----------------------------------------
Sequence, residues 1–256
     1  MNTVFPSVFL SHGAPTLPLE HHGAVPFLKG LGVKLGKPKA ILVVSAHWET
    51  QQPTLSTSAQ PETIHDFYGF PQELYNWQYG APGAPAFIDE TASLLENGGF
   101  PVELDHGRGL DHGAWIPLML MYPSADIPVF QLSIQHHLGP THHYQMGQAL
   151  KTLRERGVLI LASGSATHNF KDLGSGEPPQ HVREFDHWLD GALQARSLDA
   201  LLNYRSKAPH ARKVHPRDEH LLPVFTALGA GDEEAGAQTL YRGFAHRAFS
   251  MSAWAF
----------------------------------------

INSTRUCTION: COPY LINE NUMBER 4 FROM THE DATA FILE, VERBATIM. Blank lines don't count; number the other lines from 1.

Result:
   101  PVELDHGRGL DHGAWIPLML MYPSADIPVF QLSIQHHLGP THHYQMGQAL